Confessions [St. Augustine] [Christmas Summary Classics]

Confessions [St. Augustine] [Christmas Summary Classics]

3.8 66
by St. Augustine
     
 

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Christmas Summary Classics
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Aurelius

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Christmas Summary Classics
This series contains summary of Classic books such as Emma, Arne, Arabian Nights, Pride and prejudice, Tower of London, Wealth of Nations etc. Each book is specially crafted after reading complete book in less than 30 pages. One who wants to get joy of book reading especially in very less time can go for it.

About the Book

Aurelius Augustine was born at Tagaste, a city of Numidia, on November 13, 354. This greatest of the Latin Christian Fathers was the son of a magistrate named Patricius, who was a pagan till near the close of his life. Augustine was sent to school at Madaura, and next to study at Carthage. His mother, Monica, early became an ardent Christian, and her saintly influence guided the youth towards the light; but entanglement in philosophic doubts constrained him to associate with the Manichæans, and then with the Platonists. His mental struggles lasted eleven years. Going to Rome to teach rhetoric, he was invited to Milan to lecture, and there was attracted by the eloquent preaching of Bishop Ambrose. His whole current of thought was changed, and the two became ardent friends. In 391, Augustine was ordained priest by Valerius, Bishop of Hippo, whose colleague he was appointed in 395. At the age of 41, he was designated Bishop of Hippo, and filled the office for 35 years, passing away in his 76th year, on August 28, 430, during the third year of the siege of Hippo by the Vandals under Genseric. His numerous and remarkable works stamp him as one of the world's transcendent intellects. His two monumental treatises are the "Confessions" and "The City of God."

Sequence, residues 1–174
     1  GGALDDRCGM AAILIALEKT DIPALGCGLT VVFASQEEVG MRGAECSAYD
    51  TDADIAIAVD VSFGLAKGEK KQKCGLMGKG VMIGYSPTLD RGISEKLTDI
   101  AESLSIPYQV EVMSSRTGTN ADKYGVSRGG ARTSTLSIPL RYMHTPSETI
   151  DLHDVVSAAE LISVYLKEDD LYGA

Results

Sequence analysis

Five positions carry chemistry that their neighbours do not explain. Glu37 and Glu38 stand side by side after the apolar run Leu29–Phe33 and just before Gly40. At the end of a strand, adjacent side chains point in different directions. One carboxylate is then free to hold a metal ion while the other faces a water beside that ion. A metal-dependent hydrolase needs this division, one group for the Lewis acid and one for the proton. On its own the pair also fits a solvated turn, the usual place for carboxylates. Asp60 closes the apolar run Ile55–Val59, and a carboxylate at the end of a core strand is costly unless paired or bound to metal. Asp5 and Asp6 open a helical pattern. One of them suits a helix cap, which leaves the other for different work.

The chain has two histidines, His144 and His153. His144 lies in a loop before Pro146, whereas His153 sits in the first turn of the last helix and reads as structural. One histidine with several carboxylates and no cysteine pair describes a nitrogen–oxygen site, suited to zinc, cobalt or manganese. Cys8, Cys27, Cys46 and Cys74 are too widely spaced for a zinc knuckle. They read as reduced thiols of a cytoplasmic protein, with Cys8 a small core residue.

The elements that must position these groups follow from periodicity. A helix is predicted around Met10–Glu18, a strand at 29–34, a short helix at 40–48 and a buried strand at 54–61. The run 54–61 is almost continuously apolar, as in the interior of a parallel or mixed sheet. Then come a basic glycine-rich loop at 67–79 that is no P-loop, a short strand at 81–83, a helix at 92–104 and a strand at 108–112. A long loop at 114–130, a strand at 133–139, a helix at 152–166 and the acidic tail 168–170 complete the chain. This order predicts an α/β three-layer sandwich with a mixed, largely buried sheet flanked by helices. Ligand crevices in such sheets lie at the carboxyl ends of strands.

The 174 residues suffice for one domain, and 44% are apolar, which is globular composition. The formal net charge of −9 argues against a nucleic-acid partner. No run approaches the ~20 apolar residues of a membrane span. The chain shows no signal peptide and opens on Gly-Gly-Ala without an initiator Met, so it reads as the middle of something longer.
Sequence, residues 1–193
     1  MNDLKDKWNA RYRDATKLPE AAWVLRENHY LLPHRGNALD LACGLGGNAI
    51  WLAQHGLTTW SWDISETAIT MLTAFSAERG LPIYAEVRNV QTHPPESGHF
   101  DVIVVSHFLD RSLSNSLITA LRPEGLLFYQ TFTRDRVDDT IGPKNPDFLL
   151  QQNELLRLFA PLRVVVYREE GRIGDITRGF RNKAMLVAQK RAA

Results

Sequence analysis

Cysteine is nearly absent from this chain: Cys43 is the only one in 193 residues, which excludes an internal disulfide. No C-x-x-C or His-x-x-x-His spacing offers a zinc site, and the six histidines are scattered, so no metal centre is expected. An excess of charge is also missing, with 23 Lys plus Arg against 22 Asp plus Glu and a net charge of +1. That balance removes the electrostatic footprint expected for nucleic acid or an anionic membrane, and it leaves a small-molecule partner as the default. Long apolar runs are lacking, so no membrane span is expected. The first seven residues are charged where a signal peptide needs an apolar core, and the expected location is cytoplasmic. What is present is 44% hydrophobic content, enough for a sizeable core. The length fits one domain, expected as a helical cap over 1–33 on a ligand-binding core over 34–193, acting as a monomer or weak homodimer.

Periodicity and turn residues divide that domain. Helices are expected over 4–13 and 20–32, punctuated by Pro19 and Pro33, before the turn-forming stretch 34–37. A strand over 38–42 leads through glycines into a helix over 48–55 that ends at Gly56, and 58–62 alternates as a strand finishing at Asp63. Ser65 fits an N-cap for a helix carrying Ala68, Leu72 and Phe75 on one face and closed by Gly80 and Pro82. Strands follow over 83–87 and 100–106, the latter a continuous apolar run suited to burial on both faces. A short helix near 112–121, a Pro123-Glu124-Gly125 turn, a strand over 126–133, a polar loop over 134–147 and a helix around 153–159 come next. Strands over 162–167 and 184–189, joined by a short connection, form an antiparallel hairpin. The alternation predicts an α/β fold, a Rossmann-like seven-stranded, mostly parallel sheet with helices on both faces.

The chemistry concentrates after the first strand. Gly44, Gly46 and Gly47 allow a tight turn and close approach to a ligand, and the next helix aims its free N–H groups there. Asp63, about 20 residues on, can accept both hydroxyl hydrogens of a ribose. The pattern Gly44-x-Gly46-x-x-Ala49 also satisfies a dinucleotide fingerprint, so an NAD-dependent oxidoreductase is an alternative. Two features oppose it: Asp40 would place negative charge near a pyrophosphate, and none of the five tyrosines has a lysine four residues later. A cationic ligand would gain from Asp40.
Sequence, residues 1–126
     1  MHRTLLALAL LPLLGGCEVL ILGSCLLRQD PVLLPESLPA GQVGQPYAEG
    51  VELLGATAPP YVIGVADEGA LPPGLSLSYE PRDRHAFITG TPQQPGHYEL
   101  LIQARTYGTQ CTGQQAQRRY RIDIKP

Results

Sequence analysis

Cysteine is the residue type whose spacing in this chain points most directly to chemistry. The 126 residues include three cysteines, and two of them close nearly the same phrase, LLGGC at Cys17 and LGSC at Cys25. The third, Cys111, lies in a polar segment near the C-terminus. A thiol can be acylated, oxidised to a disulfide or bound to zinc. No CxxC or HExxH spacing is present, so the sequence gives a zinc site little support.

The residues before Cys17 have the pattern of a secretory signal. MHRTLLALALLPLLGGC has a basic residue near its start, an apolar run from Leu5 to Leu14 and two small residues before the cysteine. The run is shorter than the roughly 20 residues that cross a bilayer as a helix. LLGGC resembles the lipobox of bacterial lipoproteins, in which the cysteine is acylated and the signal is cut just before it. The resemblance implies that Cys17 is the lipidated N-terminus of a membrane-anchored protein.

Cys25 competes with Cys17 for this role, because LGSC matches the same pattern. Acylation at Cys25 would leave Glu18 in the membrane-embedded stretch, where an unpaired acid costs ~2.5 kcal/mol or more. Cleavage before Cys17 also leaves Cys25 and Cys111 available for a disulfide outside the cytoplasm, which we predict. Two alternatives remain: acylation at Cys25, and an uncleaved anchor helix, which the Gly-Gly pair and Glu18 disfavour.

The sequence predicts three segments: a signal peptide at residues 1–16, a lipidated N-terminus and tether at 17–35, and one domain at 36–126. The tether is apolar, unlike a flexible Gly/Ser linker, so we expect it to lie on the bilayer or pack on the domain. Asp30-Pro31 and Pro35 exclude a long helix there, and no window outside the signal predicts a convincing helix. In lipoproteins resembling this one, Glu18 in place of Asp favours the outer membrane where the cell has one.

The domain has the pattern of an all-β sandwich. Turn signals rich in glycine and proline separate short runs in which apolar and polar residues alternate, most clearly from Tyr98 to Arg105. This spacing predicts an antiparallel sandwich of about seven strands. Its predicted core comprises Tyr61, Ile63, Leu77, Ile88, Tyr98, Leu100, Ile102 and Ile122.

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Product Details

ISBN-13:
9781494331634
Publisher:
CreateSpace Publishing
Publication date:
12/01/2013
Pages:
24
Product dimensions:
6.00(w) x 9.00(h) x 0.05(d)

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The Confessions 3.8 out of 5 based on 0 ratings. 66 reviews.
Guest More than 1 year ago
This is by far the best translation I've read. It is vibrant and the wording flows with an excellent rhythm.
Guest More than 1 year ago
I'm only somewhat more than halfway through the Confessions just yet, but I already find St. Augustine's extremely deep knowledge of God, His Triune nature, His Incarnation, et cetera, are amazing! No other saint that I've heard of can take you so deeply into the mysteries of God, with such simple language! Now, there are times where he gets more philosophical, and one needs to read a paragraph several times in order to understand exactly what he's getting at, but that is rare. For the most part, St. Augustine's story of how he went from sinner to saint is a truly amazing story- not even so much that it's amazing in itself, but that the way it will move one towards God is certainly amazing.